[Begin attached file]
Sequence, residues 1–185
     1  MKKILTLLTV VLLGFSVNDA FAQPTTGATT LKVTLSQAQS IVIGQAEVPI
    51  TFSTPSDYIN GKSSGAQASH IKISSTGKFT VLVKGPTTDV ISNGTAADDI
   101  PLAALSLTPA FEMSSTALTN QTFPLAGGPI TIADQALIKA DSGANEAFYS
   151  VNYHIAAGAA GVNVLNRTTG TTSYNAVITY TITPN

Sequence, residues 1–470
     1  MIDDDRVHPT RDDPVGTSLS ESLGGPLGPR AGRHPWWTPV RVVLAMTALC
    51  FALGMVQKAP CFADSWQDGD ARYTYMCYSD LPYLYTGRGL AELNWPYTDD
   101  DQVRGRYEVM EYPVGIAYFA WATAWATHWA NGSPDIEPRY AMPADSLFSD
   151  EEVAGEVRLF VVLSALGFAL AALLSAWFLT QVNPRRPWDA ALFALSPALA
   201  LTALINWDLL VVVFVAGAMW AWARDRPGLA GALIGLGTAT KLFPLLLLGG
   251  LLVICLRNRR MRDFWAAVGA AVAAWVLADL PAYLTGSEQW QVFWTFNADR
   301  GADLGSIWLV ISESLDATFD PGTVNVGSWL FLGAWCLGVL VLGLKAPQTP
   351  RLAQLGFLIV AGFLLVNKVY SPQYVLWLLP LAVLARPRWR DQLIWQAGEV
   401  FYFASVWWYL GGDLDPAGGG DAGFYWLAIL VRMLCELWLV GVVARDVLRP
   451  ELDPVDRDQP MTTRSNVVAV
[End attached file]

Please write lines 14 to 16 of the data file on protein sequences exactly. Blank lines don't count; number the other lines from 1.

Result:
   351  RLAQLGFLIV AGFLLVNKVY SPQYVLWLLP LAVLARPRWR DQLIWQAGEV
   401  FYFASVWWYL GGDLDPAGGG DAGFYWLAIL VRMLCELWLV GVVARDVLRP
   451  ELDPVDRDQP MTTRSNVVAV